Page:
Two families say they will take legal action over Do Not Attempt Resuscitation (DNAR) orders made on their loved ones at QEQM Hospital in Margate.
Birchington construction worker Terry Bolton and Whitstable businessman Alan Barker plan to challenge the decisions and the reasons behind them.
Terry’s mum Carol was being treated as end of life for a month, with the family believing she would die due to Covid after being told her organs were ‘breaking down’.
Carol defied those predictions and is now recovering in Kent & Canterbury Hospital.
- Read about Carol here: Family’s shock over ‘end of life’ decision on mum suffering covid – who then sat up and asked for cuppa
Alan says the order made on his wife Lorraine, who sadly died on Christmas Eve, was a breach of her rights and he has sought legal advice.
He complained to the hospital trust about pressure placed on the family over applying a DNAR decision.
- Read about Alan and Lorraine here: Devastated husband’s call for answers over wife’s covid contraction, do not resuscitate ‘order’ and death at QEQM Hospital
Both men have now made official requests for access to the medical files of their loved ones and Alan says he is taking specialist advice to bring a case.
Several other Thanet residents have raised concerns over use of the orders.
One woman says she is in the process of legal action over her mum’s death and another says she was treated for Covid and, after her discharge, was distressed to find a DNAR had been placed on her records without her knowledge.
‘Sensitively and honestly’
East Kent Hospitals Trust, which is responsible for sites including QEQM, says a decision not to attempt resuscitation is never taken lightly.
The Trust added that discussions and support are offered to patients and their families where possible to ensure all questions and other issues can be addressed sensitively and honestly.
A spokesperson said: “In situations where a person’s clinical condition is deteriorating despite medical treatment, it is not always appropriate to attempt resuscitation if their heart or breathing stops because the outcome of any attempt at resuscitation would not be successful at that time.
“A decision not to attempt to resuscitation is never taken lightly and discussions and support are offered to patients and their families where possible to ensure all questions and other issues can be addressed sensitively and honestly.
“The outcome of any discussions with the patient and all of the clinical information is then recorded in the patient’s notes to ensure everyone involved in the patient’s care is fully aware of the situation.”
In 2018 a Care Quality Commission report said areas for improvement at East Kent Hospitals Trust included ensuring “that consent to care and treatment is always sought in line with legislation” in regards to DNARs.
In 2015 the trust admitted breaching the human rights of a 51-year-old man after two DNACPR (Do Not Attempt Cardiopulmonary Resuscitation) orders were placed on his records in 2011, giving his disability of Down’s syndrome as one reason, without the knowledge of his family.
Court findings on DNR process
A court judgement in 2014 over the process of DNAR/ DNACPR use in hospitals found that staff must consult patients unless the clinician believes the distress caused by the discussion will harm the patient.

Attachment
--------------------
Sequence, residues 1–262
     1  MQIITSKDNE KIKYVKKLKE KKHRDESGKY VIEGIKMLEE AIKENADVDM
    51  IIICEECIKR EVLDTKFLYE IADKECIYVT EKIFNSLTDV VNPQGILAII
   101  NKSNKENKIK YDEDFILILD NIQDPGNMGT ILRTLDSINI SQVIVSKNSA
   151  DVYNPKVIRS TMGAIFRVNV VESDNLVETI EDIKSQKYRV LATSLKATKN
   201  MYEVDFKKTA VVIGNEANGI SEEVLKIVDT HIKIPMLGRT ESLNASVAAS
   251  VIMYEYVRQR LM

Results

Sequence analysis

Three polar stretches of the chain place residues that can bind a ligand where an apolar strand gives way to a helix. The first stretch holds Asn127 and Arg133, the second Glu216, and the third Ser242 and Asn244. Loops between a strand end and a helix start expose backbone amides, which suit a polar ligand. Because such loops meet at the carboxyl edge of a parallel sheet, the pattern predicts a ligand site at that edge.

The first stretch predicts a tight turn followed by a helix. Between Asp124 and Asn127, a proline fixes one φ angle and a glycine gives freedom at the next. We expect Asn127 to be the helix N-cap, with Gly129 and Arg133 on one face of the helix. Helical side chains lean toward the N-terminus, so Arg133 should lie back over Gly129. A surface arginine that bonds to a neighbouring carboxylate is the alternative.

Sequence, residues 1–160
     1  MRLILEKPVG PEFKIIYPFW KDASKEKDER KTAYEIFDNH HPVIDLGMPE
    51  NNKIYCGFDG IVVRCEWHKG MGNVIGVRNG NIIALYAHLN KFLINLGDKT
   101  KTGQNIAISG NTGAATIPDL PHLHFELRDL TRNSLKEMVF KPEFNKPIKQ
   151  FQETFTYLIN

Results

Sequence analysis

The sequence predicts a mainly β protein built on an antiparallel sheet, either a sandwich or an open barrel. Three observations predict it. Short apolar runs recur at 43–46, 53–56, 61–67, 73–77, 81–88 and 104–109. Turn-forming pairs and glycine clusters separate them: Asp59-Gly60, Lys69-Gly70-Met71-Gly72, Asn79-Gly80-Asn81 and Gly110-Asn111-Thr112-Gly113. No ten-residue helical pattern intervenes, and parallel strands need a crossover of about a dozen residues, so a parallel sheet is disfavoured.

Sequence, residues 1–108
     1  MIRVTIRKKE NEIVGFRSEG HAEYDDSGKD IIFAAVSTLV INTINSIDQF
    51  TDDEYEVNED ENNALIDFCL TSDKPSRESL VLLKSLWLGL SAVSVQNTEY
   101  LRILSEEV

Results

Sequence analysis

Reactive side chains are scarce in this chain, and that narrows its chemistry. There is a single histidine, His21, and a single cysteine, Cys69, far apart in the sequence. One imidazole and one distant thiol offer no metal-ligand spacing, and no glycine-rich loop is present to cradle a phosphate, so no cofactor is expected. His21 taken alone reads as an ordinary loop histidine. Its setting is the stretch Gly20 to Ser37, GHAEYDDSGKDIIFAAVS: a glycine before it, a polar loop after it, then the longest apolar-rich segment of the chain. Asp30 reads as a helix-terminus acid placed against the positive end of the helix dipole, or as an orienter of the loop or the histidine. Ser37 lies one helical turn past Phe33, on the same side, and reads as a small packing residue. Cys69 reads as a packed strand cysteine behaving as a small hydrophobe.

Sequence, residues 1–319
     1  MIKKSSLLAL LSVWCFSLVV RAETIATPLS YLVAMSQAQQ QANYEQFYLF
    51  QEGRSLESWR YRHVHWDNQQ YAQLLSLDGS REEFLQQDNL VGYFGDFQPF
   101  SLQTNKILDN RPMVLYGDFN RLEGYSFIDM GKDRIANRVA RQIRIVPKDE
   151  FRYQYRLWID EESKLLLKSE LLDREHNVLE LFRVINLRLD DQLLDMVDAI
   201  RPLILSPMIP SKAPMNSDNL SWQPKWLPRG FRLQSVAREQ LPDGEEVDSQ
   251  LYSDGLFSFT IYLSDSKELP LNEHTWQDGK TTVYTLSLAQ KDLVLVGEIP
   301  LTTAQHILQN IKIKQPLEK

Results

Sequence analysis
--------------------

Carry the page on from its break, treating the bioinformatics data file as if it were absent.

In those cases they must document their reasons and take reasonable steps to involve the patient’s family in the discussions. But the law does not require a patient or their family to consent to a DNAR order. A doctor can issue an order, even if the family do not want one, if medical evidence necessitates.
Health watchdog DNAR national review
The Care Quality Commission (CQC) is carrying out a national review into the application of DNACPR decisions during the Covid-19 pandemic.
Early findings show that while there is no evidence to suggest blanket approaches to DNACPR decisions, people told CQC that early in the pandemic they or their loved ones received DNACPR decisions which were not based on their wishes and needs, and without their knowledge and consent.
The CQC review continues, with the results due to be published in the early part of this year.
Rosie Benneyworth, Chief Inspector of Primary Medical Services and Integrated Care at the Care Quality Commission, said: “It is unacceptable for clinical decisions – decisions which could dictate whether someone’s loved one gets the right care when they need it most – to be applied in a blanket approach to any group of people.
“Sadly, in the experiences that people have generously shared with us there is very real concern that decisions were made which not only overlooked the wishes of the people they affected, but may have been made without their knowledge or consent.
“As we warned in our recent State of Care report, these findings highlight that inequalities in the care people receive risk being magnified by the impact of the coronavirus pandemic. As this is such an important and sensitive issue, we have worked quickly to share the interim findings and we will continue this work so that we build on the evidence already shared and can make recommendations for the future.
“It is vital that we look at what happened on the ground, continue to speak to people using services and people working in them, so that we can make sure that the health and care system learns the crucial lessons it needs to from this difficult time.
“We have also highlighted the fact that it is possible in some cases that inappropriate DNACPRs remain in place – and made it clear that all care providers have a responsibility to assure themselves that any DNACPR decisions have been made appropriately, in discussion with the person and in line with legal requirements.”